“Are you going to use your box?”

Kehlani clearly doesn’t understand why her speech on mental health and self-care was met with titters from the crowd at her recent Dublin show. A survivor of suicide, she speaks openly of the importance of taking time for yourself within “your box” and leaving negativity and stressful issues in an opposing bubble.

Blame clunky phraseology, but it’s one of several unfortunate misfires from the R&B hatchling on the night of her ‘Sweet.Sexy.Savage’ Tour.

You’d think someone personally praised by Piers Morgan wouldn’t be worth their salt – Kehlani proves to be the exception. Her career has been hard-earned – initially a member of girl band Poplyfe, she became homeless following her departure from the group. Kehlani began uploading music to her SoundCloud, which was heard by America’s Got Talent host Nick Cannon, kick-starting her solo career in LA.

Two mixtapes later, things look good – until her public relationship NBA point guard Kyrie Irving. took a nasty turn amid cheating allegations. Torrents of social media abuse resulted in the singer attempting suicide at 20 years-old.

In January, Kehlani released her debut studio album ‘Sweet.Sexy.Savage’ – a statement of strength and confidence following her turbulent time.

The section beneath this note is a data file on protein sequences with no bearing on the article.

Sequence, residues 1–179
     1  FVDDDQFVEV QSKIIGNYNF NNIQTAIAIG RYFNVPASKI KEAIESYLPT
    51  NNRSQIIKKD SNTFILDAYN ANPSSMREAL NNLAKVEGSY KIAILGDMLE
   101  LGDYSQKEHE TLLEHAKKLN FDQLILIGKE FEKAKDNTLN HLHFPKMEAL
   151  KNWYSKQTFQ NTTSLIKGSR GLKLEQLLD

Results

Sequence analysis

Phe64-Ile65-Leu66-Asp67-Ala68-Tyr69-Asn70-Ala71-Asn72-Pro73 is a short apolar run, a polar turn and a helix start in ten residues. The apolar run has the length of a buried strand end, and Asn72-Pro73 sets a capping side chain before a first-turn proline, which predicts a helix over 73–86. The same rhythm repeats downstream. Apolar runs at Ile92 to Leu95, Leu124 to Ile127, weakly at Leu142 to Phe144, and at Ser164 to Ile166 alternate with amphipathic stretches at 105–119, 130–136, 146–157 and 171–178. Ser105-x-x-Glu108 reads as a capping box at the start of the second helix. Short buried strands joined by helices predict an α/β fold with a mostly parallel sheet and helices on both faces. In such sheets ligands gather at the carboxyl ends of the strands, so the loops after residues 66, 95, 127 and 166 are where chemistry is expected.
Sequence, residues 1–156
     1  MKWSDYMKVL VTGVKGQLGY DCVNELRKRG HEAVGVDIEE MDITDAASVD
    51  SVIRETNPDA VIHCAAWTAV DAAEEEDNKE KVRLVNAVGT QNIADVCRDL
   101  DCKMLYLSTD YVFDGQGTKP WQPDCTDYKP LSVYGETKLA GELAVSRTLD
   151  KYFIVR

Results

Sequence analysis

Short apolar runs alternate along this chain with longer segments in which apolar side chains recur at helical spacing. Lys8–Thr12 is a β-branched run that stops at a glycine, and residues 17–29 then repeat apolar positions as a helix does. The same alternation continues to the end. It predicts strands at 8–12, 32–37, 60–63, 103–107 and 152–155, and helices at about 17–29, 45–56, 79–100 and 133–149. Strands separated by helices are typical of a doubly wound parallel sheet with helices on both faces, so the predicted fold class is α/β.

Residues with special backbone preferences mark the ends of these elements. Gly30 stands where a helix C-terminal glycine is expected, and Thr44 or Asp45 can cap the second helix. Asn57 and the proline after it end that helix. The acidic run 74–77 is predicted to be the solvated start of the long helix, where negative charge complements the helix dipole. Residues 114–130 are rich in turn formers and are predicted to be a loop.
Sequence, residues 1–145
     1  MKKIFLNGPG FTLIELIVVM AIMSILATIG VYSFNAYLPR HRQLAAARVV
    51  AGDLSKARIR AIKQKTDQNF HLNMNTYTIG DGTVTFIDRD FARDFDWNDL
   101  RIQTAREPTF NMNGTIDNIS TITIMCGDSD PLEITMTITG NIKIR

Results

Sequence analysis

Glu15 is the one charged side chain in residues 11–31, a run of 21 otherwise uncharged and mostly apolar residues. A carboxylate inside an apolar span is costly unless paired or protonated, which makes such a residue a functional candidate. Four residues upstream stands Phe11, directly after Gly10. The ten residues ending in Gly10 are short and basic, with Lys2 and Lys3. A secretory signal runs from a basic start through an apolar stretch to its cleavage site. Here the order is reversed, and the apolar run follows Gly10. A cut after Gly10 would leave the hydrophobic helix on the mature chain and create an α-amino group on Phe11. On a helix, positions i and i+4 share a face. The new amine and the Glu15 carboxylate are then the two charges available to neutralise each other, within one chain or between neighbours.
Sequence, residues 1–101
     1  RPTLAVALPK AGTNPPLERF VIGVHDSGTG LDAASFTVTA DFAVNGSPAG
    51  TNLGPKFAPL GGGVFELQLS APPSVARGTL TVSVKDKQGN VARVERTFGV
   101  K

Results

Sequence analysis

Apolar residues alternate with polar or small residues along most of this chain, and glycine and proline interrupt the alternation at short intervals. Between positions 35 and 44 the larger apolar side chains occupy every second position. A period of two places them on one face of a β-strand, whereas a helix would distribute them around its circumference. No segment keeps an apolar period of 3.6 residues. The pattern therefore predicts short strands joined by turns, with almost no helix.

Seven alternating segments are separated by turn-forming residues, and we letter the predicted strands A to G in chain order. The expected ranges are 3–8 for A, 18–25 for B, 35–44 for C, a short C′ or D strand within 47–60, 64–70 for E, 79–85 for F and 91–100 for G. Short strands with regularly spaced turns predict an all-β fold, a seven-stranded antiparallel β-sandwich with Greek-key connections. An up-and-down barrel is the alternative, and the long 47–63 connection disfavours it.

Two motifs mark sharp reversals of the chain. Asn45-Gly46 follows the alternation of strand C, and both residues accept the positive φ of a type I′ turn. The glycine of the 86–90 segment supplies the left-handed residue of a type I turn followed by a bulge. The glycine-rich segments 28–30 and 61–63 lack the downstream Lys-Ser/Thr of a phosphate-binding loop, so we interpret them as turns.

At yet, in a live setting, she seems as lost as ever. Minimal staging (read as, none) cheapens the entire performance. It’s just her, a drummer and her DJ. The thinned-out crowd give the Academy an ‘open mic’ vibe instead of a bona-fide pop gig atmosphere worthy of the album.

The material is still solid though. Hold Me By The Heart is the album’s emotional anchor ballad – the added live percussion is wholly unnecessary. Where he does come in handy is on Piece Of Mind – his ad-libs a warm welcome to the sub-standard album track.

Undercover, which samples Akon’s Don’t Matter to surprisingly good effect, sees two dancers drafted in with significantly less impact. Kehlani’s sassy salsa boogies are appreciated – they’re fun, playful and give a glimpse of her personality.

But overall, it’s limp. At one point, she gets defensive when someone makes a ‘thumbs down’ gesture in response to a question about same-sex couples in attendance. She calls out the person and is immediately on the defensive, labelling her gigs ‘hate-free zones’. Later, it’s established that the person was gesturing against relationships as a whole, and the whole incident shows Kehlani up as being insecure.

Kehlani has worked hard and is reaping the rewards. But Kehlani on record and Kehlani live are two completely different artists. Just as Rome wasn’t built in a day, neither is a live personality (or show). Her eagerness and enthusiasm for touring is obvious – but allowing an adequate time-frame for development should have been more so.